The Stages of Self-Defense

Posted: December 21, 2017 by urbantacticskravmaga in Krav Maga Principles
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When people think of Krav Maga or even self-defense, they often do not understand the complex nature and progression of violent situations.  In the post on use of force the graph gives a basic idea of how complex a situation can get from a second to second decision making perspective. Almost all violent attacks are because of a failure to be aware and avoid the situation. However, it is also possible that a situation, due to circumstances was unavoidable which means how we approach it will be fundamentally different.

There are two primary reasons that you were unable to foresee or avoid conflict.

  1. You were not paying attention and your awareness level was probably at white. (See post on Awareness Colour code)
  2. They had been planning it and their tactics and approach were simply better.

In addition, this model is still subject to the model of action is faster than re-action.

Run away.jpgWhile you may see variations of this model below we offer a simplified version of the basic 4 stages for progressing in a self-defense situation. Ideally, you can use step one, as you win 100% of fights you are not, but remember at any point you may be in any one of the stages which means you must respond appropriately and in progressive order.

Avoidance (A)

If you do not put yourself in a situation where conflict is required then you will not have conflict in the first place. Avoidance can mean many things. It could mean you identify a threat and run away, or ensuring that you are not in a situation requiring conflict. Perhaps it means not walking in that dark alley at night alone. This seems like common sense but many people make poor decisions that naturally put them in a situation more conducive to conflict. Perhaps it means not going to a party with the person that doesn’t like you and that you know will result in conflict if you go. Maybe you are simply sitting at a coffee shop and you notice a person acting strangely so you decide to leave, or you simply make yourself aware of them so if they do something you are prepared. In the avoidance stage, the threat is not aware of you as a target. Of course, we recognize that avoidance is not always possible and as such we move down the progression scale.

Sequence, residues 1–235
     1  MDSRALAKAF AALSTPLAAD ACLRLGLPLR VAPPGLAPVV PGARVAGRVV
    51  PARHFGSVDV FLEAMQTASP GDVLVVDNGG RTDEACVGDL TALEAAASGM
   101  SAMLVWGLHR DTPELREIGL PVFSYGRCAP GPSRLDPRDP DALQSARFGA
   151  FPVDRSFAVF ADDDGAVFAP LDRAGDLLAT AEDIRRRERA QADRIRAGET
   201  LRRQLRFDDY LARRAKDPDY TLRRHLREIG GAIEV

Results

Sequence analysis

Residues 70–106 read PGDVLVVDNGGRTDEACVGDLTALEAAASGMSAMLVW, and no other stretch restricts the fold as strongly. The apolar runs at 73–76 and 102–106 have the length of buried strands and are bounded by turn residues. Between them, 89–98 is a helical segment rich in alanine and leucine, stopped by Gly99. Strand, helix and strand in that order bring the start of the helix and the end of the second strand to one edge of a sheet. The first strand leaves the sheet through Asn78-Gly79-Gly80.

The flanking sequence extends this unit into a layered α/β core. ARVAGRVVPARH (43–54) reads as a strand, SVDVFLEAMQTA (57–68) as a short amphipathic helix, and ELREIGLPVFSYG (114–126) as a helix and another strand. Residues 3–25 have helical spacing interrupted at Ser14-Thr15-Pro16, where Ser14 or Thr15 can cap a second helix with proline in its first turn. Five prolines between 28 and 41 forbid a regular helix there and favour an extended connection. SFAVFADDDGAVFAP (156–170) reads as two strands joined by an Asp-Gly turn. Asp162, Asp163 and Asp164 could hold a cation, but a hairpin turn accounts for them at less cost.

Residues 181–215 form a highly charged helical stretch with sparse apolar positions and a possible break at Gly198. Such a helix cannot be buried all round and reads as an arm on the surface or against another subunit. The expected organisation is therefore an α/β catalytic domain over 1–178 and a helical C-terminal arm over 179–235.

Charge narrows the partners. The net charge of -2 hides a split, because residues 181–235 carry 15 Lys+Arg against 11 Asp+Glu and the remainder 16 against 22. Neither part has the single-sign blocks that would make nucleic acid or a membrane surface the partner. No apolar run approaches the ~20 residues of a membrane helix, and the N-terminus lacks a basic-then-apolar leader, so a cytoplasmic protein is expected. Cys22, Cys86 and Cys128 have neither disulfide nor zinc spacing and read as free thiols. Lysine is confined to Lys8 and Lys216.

Diffusion (D)

At this point in a conflict, the threat has actively identified you. This is the stage to which many first world countries like to advocate. This is essentially the diplomacy stage. In Canada, 9 times out of 10 you can talk your way out of a potentially dangerous situation. (In some countries, however, if a threat has identified you, you will have no choice but to run or skip to step 3 and/or 4). Or, at the very least you should talk as a distraction to find your exit and run. If you can talk your way out of a conflict do so, but remain defensive. In this situation, you MUST be in semi-passive stance or something equivalent. Your hands MUST be up and ready to act should the threat decide to attack. If they attack first you will be jumping right to Re-Active Self Defense. However, if attempting your diffusion you assess through observation that they are becoming more and more aggressive, then we recommend that you strike first as move down the progression scale to a pre-emptive attack strategy.

Pre-Emptive Self Defense (Pre-Emptive Action (PE))

Sometimes the best defense is a good offense. This is a common saying that could not be truer. Because of the concepts of action vs. reaction, it is always more beneficial to act first as this means you will be one step ahead of the threat. We cannot tell you when or how to act first as it is completely up to you to assess when it is required, but we can tell you that when you strike you must strike hard, fast and with retzev. You must attack with a goal which is to stop the threat and at any point you feel the threat is no longer there, you must assess and either detain the individual or run to safety.

Reactive Self Defense (Re-Active Action (RE))

If you are reacting to defend yourself it means something has gone wrong. It means you failed to use step 1-3 and have grossly misread the entire situation, or it could mean that the tactics the threat are using are simply better than yours. Either way you are reacting to defend yourself and stop the threat from doing you harm. This is where the explosive aggressive aspects of Krav Maga come in. It is not good enough to simply block, you must block and attack using retzev to escape or stop the attacker from wishing to continue.

*Topics under any principle category (EX. Krav Maga Principles) may be updated from time to time so always check in every few months to see if the posts have been updated.